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San Diego digital health company CARI Health has announced the formation of an advisory board to support development of its wearable remote medication device.
The company said the experts and industry leaders “will provide valuable clinical, scientific, regulatory, technical, and commercial market guidance to CARI Health’s strategic initiatives.”
The panel includes a patient advocate to ensure the patient’s perspective is a primary consideration.
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San Diego-based Hispanic snack startup Chuza was selected as the winner of the PepsiCo Greenhouse Accelerator Program and won a $100,000 business grant.
According to a publicist Chuza “offers an assortment of spicy fruit and vegetable snacks, all infused with 100% Mexican spices and no artificial flavors or colors.”
The business picked the winner from a pool of 10 other startups.
The six-month, mentor-guided program supports the growth of emerging Hispanic-owned businesses across the food and beverage industry.
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San Diego rental property manager Rick Snyder will be installed as the chair of the National Apartment Association Nov. 16 at the Hilton Bayfront San Diego.
According to a news release, he begins his yearlong term as chair starting in January.
“Snyder takes the helm as the industry faces new regulatory challenges at the national level and in a time of historical rental demand,” the release said. No doubt.
Snyder has more than 30 years of real estate experience, with a specialization in property management as the head of R.A. Snyder Properties, which manages 6,000 units in the region.
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Smartville, an EV battery-repurposing company based here in San Diego, says it has secured an additional $2.65 million in federal and state funding.
The U.S. Department of Energy awarded a $1.15 million grant for developing a battery energy storage system using second-life EV batteries charged by solar generation.
They also received $1.5 million from the state Energy Commission to complement a previously announced $5.9 million federal grant.
The funding bolsters Smartville’s approach to restoring and reusing EV batteries, according to a news release.
By utilizing solar energy stored in second-life EV batteries to charge first-life EV batteries, Smartville advances technologies supporting nationwide EV battery reuse and accelerates the commercialization of Smartville 360.
Company CEO Antoni Tong said the significance of repurposing EV batteries, stating that it sustains communities, reduces external energy dependence, and enhances energy security during emergencies.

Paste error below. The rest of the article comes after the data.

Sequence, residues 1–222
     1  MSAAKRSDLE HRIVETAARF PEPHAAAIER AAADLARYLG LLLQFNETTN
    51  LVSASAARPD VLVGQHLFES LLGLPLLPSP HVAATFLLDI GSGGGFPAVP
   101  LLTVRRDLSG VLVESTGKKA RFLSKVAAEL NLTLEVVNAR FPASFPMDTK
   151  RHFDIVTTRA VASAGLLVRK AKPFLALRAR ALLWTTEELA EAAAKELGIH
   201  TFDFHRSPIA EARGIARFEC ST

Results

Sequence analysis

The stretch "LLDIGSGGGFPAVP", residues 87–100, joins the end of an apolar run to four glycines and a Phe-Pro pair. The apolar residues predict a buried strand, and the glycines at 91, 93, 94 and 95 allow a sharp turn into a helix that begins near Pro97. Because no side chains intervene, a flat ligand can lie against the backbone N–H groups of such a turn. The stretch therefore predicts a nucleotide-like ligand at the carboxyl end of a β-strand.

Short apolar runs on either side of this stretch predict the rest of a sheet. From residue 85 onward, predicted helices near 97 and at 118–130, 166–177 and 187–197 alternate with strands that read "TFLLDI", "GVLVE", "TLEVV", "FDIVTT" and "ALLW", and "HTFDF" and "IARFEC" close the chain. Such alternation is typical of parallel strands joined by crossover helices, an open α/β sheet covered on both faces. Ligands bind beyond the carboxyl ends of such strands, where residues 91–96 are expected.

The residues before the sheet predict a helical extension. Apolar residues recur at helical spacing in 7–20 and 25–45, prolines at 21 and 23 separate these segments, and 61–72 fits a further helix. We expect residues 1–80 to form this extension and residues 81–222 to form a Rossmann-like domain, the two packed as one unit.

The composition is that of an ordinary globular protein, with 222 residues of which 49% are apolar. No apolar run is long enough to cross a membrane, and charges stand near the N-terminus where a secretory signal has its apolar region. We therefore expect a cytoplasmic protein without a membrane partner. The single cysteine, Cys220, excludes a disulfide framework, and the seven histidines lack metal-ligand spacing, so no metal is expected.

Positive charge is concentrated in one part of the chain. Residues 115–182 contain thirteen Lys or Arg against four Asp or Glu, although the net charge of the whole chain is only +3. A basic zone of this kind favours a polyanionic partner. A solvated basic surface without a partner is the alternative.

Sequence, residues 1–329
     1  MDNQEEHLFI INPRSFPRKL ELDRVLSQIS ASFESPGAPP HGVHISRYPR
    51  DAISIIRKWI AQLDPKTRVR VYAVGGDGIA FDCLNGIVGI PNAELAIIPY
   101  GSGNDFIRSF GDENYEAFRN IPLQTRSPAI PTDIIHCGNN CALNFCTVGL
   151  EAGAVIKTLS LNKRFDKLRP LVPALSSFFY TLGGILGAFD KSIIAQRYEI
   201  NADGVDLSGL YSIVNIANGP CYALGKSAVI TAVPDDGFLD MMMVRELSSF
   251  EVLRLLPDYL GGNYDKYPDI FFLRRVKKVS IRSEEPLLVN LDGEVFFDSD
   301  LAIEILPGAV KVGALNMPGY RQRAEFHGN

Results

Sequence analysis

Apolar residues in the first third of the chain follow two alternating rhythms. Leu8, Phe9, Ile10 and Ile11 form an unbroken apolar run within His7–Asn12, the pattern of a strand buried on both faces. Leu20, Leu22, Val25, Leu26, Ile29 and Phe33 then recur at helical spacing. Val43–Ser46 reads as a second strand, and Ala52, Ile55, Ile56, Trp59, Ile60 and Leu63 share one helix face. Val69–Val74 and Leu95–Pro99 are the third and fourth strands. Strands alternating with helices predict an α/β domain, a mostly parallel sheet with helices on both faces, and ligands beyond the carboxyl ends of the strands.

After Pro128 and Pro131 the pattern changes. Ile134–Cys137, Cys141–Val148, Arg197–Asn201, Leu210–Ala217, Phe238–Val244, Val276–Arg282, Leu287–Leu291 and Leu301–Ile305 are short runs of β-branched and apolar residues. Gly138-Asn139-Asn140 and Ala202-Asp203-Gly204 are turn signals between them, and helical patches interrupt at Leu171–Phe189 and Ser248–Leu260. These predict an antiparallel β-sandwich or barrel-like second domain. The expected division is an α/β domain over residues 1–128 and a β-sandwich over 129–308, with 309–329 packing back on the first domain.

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San Diego DNA sequencing equipment maker Illumina says it has launched what it calls the Global Health Access Initiative to help public health in low- and middle-income countries.
This program will offer discounted sequencing tools to global health funders and tackle supply chain issues.
The effort was developed with input from customers, funders and the nonprofit FIND.
“Pricing for sequencing instruments and consumables can vary by country or region, which is challenging for funders and donors and can limit broad implementation,” according to an Illumina executive.
“The countries or regions whose public health preparedness would most benefit from genomics often lack the resources to sustainably implement it,” he said.
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Finally, this fun note. The North Park Main Street organization will celebrate Small Business Saturday on Nov. 25 with a 5k turkey trot, art exhibition, live music, complimentary food samples, and sales from local businesses.
The opening ceremony, featuring remarks from San Diego Mayor Todd Gloria and Main Street Executive Director Mark West, kicks off at 11 a.m. at Mila Vintage + Modern on University Avenue.
The 5K Turkey Trot starts at 10:00 a.m. at Coach B SD on Lincoln Ave), with registration beginning at 9:30 a.m.
Participants will receive post-race donuts, and those 21 and up can enjoy complimentary beer.
Click here for a complete of activities and events.
Tom York is a Carlsbad-based independent journalist who specializes in writing about business and the economy. If you have news tips you’d like to share, send them to [email protected].